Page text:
Biblical Hebrew is further divided into the so called 'Golden Age' Hebrew (1200 BCE to 500 BCE) and 'Silver Age' Hebrew (500 BCE to 60 BCE). Silver Age Hebrew has many borrowings from Aramaic, for example the use of the conditional particle illu (אִלוּ) replacing (לוּ). Another shibboleth between the two, is the use of the relative pronoun ʾšr (אשר) (introducing a Restrictive clause, 'that') in the earlier period, being replaced with the prefix š- (-ש) in the later, both being used in Mishnaic and Modern Hebrew. (Redirected from 1200 BC) Centuries: 14th century BC - 13th century BC - 12th century BC Decades: 1250s BC 1240s BC 1230s BC 1220s BC 1210s BC - 1200s BC - 1190s BC 1180s BC 1170s BC 1160s BC 1150s BC Events and Trends 1204 BC - Theseus, legendary King of Athens is deposed after... Centuries: 7th century BC - 6th century BC - 5th century BC Decades: 550s BC - 540s BC - 530s BC - 520s BC - 510s BC - 500s BC - 490s BC - 480s BC - 470s BC - 460s BC - 450s BC Events and Trends 509 BC - Foundation of the Roman Republic 508 BC - Office of pontifex maximus created... Centuries: 7th century BC - 6th century BC - 5th century BC Decades: 550s BC - 540s BC - 530s BC - 520s BC - 510s BC - 500s BC - 490s BC - 480s BC - 470s BC - 460s BC - 450s BC Events and Trends 509 BC - Foundation of the Roman Republic 508 BC - Office of pontifex maximus created... Centuries: 2nd century BC - 1st century BC - 1st century Decades: 110s BC 100s BC 90s BC 80s BC 70s BC - 60s BC - 50s BC 40s BC 30s BC 20s BC 10s BC Years: 65 BC 64 BC 63 BC 62 BC 61 BC 60 BC 59 BC 58 BC 57... Aramaic is a group of Semitic languages with a 3,000-year history. ... Look up Shibboleth in Wiktionary, the free dictionary. ... A relative pronoun is a pronoun that marks a relative clause within a larger sentence. ... In syntax, the concept of restrictiveness applies to a variety of syntactical constructions. ... The Modern Hebrew language is a Semitic language of the Afro-Asiatic language family. ...


Roman Era Hebrew, or Mishnaic Hebrew, was further influenced by the Greek and the Parsi, mainly through the dialect of Aramaic which was the Lingua franca of the area at the time. The Mishnaic Hebrew language or Rabbinic Hebrew language is the ancient descendant of Biblical Hebrew as preserved by the Jews after the Babylonian captivity, and definitively recorded by Jewish sages in writing the Mishnah and other contemporary documents. ... Persian, also called Farsi or Parsi, is an Indo-European language spoken in Iran (Persia), Afghanistan, Tajikistan and by minorities in Uzbekistan, Turkmenistan, Azerbaijan, Armenia, Georgia, Southern Russia, neighboring countries, and elsewhere. ... Aramaic is a Semitic language with a four-thousand year history. ... Lingua franca, literally Frankish language in Italian, was originally a mixed language consisting largely of Italian plus a vocabulary drawn from Turkish, Persian, French, Greek and Arabic and used for communication throughout the Middle East. ...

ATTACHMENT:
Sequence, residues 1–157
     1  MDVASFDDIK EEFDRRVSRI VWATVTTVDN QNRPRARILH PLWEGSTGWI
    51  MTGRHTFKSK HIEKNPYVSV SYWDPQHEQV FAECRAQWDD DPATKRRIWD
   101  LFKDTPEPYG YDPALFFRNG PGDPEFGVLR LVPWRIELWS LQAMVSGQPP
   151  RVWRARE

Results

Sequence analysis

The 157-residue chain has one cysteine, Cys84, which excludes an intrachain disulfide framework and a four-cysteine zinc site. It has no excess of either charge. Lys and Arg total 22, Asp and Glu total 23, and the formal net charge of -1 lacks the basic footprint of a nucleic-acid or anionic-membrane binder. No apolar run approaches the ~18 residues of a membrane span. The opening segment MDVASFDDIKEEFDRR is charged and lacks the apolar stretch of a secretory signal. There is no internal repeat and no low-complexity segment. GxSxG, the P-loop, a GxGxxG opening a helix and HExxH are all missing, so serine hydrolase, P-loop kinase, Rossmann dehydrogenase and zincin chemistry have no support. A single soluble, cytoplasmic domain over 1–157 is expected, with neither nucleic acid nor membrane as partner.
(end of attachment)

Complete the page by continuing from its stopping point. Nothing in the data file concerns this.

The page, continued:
Biblical Hebrew is easily read by anyone familiar with modern Hebrew. The differences are mainly in grammar and Biblical Hebrew's distinct writing style, which sometimes make it a difficult task interpreting its meaning. Although Modern and Biblical Hebrew's grammar laws are often very different, elements of Biblical Hebrew are often used in literary Modern Hebrew. Elements of Biblical Hebrew are also often used in conversation and in the Israeli media.


The Biblical Hebrew language is sometimes referred to as "the flame alphabet" because many devout Jews believe that the Torah is the literal word of God written in fire. Poo Poo Tlak Torah () is a Hebrew word meaning teaching, instruction, or law. Itlucky is the central and most important document of Judaism revered by Jews through the ages. ...

Contents

Descendant languages

The Samaritan Hebrew language is a descendant of Biblical Hebrew as pronounced and written by the Samaritans. ... The Mishnaic Hebrew language or Rabbinic Hebrew language is the ancient descendant of Biblical Hebrew as preserved by the Jews after the Babylonian captivity, and definitively recorded by Jewish sages in writing the Mishnah and other contemporary documents. ... Tiberian Hebrew is an oral tradition of pronunciation for ancient forms of Hebrew, especially the Hebrew of the Bible, that was given written form by masoretic scholars in the Jewish community at Tiberias in the early middle ages, beginning in the 8th century. ... The Yemenite Hebrew language or Temani Hebrew language is a descendant of Biblical Hebrew traditionally used by Yemenite Jews. ... The Sephardi Hebrew language is an offshoot of Biblical Hebrew favored for liturgical use by Sephardi Jewish practice. ... The Ashkenazi Hebrew language is a descendant of Biblical Hebrew favored for liturgical use by Ashkenazi Jewish practice. ... Hebrew redirects here. ...

Phonology